The debate over transgendered female fighter Fallon Fox continues. On one hand, you’ve got a lot of prominent doctors in the field of transgendered surgery saying all advantages of once being a male have dissipated two years after gender reassignment therapy. On the other, you’ve got someone who was once a man fighting women in a cage, and that seems pretty damn absurd on its face. A lot of people have weighed in on this now from trainers like Pat Miletich to promoters like Dana White to other female fighters like Rosi Sexton, who also happens to be a sports therapist and osteopath. Here are some of her concerns:
2) None of us have a right to compete in professional MMA. People are routinely denied a licence to compete if their medical status means that there could be an increased risk either to themselves or their opponent.
3) MMA is a relatively safe sport, providing that participants are evenly matched by size, strength and ability. We have gender and weight classes not only to ensure fairness, but also to reduce the risks.
4) Contrary to some of the assertions by Fox’s supporters in the media, there appears to be no good scientific evidence that proves Fox does not have a performance advantage over someone who was born female. Expert opinion is still just opinion – and it seems divided on the subject. Experts may also have their own biases. Specialists in gender reassignment may not be equally knowledgeable about exercise physiology.
5) The experts supporting Fox have been quite cautious in their assessment. ”She probably does not have a significant advantage” and “her musculature is comparable to that of a woman” are a long way from saying “we know for a fact that she does not have a performance advantage over someone born female”.
6) The differences between men and women in sport depend on a great deal more than current hormone levels and muscle mass. For example, men have a higher ratio of type II to type I muscle fibres, which is associated with improved speed and explosive power, and a heart that is larger relative to body size. It’s not clear to what extent either of these would change after sex-reassignment surgery, or what implications that would have for performance in this case. Because of the bone structure that is developed while still growing, men also have a greater lung capacity and a narrower pelvis, giving a biomechanical advantage – factors which are highly unlikely to be reversed by hormone treatment.There are likely to be other factors that differ between men and women in terms of athletic performance that we aren’t even aware of.
7) Fox’s supporters point to the fact that male to female transgender athletes are allowed to compete as female in the olympics to support their argument that she should be able to compete in the women’s division in MMA. The IOC appears to base it’s policy on the principle that without firm evidence that an unfair advantage exists, transgender fighters should be allowed to compete in the interests of inclusivity. I agree that equality of participation is a nice ideal, and it’s a reasonable argument if we’re talking about sports like tennis or kayaking. But in a sport where one participant is trying to do physical damage to another, the burden of proof should be reversed. We need good scientific evidence to support the assertion that Fox has no advantage as a result of having been born male. Lack of evidence of an advantage isn’t sufficient – especially when so little evidence exists.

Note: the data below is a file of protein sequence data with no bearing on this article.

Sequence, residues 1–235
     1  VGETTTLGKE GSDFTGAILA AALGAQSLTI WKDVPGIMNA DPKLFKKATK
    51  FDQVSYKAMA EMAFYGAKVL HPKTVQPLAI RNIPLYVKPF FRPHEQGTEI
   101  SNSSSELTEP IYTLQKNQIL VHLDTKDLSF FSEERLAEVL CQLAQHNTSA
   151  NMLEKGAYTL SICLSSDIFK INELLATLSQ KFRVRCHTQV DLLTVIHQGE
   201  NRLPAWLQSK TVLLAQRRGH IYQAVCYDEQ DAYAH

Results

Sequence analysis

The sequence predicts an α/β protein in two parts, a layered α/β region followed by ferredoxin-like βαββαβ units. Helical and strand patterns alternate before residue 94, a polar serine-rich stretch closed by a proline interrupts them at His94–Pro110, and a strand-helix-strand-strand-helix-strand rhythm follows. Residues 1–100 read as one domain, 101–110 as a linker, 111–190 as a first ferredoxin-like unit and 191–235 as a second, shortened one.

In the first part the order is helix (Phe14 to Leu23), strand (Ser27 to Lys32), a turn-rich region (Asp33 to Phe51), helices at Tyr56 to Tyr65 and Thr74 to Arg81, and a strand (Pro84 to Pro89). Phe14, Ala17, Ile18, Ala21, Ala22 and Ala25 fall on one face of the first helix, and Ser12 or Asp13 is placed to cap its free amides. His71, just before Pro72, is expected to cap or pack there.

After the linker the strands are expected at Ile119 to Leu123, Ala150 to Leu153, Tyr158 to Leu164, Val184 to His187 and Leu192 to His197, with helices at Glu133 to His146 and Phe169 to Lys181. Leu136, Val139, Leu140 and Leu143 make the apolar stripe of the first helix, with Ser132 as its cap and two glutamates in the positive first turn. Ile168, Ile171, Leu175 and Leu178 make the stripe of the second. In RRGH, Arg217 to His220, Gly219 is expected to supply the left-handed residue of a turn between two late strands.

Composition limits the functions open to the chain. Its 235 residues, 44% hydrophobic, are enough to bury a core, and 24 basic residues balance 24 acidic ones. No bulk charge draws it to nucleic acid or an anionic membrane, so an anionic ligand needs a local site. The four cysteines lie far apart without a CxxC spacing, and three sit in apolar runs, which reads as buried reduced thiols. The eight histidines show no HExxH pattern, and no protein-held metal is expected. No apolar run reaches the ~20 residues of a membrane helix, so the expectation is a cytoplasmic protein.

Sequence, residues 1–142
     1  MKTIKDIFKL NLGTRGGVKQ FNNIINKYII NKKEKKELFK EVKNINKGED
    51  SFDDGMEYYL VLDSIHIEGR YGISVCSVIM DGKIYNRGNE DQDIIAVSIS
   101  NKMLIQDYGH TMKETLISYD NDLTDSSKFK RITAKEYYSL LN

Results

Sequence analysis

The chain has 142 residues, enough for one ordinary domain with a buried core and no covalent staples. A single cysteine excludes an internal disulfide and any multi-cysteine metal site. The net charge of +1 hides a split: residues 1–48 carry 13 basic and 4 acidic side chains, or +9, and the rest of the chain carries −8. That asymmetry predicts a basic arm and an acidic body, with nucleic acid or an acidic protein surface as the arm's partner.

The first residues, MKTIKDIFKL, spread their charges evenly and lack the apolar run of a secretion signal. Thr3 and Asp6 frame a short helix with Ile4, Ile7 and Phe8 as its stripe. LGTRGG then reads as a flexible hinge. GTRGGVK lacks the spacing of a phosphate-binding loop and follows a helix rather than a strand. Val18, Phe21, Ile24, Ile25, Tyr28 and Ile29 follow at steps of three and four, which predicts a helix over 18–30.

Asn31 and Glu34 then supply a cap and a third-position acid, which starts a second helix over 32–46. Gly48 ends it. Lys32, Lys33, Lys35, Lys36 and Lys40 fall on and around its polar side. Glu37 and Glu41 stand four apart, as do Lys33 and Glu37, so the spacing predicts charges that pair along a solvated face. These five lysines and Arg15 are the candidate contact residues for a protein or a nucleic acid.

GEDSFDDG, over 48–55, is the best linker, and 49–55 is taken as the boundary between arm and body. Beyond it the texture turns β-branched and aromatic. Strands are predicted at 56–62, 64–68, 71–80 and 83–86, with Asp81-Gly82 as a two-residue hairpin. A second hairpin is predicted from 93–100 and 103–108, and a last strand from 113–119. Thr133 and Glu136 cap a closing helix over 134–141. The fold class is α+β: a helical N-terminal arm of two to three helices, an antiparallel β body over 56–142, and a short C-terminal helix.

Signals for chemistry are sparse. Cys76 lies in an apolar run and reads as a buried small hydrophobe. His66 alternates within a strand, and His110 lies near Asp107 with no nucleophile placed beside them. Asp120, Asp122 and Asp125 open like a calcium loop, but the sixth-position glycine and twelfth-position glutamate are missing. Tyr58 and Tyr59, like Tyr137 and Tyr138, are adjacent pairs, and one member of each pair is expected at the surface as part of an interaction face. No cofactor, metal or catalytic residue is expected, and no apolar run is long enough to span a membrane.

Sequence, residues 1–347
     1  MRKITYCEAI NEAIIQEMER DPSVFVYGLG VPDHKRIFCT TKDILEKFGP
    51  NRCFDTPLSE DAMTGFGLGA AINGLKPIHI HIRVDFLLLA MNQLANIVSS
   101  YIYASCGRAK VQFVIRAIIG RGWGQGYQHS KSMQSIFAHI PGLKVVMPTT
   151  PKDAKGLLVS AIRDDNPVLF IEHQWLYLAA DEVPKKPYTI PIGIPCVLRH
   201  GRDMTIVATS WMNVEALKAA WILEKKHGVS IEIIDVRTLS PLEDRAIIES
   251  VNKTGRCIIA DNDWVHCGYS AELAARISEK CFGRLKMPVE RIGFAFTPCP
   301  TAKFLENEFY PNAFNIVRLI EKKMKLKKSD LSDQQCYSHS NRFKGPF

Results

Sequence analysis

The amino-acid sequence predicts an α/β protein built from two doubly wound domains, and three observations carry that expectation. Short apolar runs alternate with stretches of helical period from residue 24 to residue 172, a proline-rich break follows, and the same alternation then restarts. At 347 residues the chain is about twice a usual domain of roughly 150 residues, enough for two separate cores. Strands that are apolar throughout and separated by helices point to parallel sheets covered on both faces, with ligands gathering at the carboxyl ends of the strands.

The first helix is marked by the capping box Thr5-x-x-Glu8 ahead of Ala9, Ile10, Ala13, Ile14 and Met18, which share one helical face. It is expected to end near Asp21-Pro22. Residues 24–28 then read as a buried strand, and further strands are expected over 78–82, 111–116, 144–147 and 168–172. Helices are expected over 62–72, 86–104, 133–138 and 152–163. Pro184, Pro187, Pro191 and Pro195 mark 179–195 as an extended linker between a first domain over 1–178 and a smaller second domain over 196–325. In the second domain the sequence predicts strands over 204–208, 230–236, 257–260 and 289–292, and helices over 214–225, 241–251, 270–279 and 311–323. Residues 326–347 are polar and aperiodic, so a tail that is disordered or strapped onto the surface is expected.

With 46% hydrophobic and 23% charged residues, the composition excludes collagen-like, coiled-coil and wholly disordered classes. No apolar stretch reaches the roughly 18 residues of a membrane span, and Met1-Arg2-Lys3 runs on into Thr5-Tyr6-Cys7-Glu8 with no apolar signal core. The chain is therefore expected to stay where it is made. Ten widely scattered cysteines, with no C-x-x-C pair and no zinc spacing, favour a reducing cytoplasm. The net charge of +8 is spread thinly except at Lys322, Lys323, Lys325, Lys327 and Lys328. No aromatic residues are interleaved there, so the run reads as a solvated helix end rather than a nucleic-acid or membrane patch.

Sexton didn’t shut the door completely to Fox’s participation in MMA, but took issue with the fact that her opponents weren’t told she was transgendered before they fought. As for Fox herself, she thinks that should be the norm:
“I don’t believe that a transgender fighter should have to disclose her personal medical history to other female fighters before they fight. It’s simply for the reason the medical community and the scientific community have come to the consensus that post-operative transsexual fighters who have been on hormone-replacement therapy and testosterone suppression, when they’re going from male to female, haven’t been found to have any physiological advantages over other women.”
Fox is coming from a position where she refuses to consider any angle on this from which she and all other transgenders aren’t considered female on level with any normal female. Unfortunately, you can’t really do this – she may be a she, but she is still transgendered. That’s a medical fact and it doesn’t go away no matter how progressive about the whole thing you want to be, especially when you’re considering her for things like mixed martial arts.
As Rosi Sexton pointed out, this isn’t a passive sport where a potential advantage like this results in her having a killer serve that lets her dominate on the tennis court. We’re talking about her ability to hurt her opponents here, and we should be deeply concerned if the male->female process leaves her with an unfair advantage in this. Fox claims medical consensus is on her side, but does that consensus hold up when pitting transgendered against woman in a cage fight? I’d say more research is needed.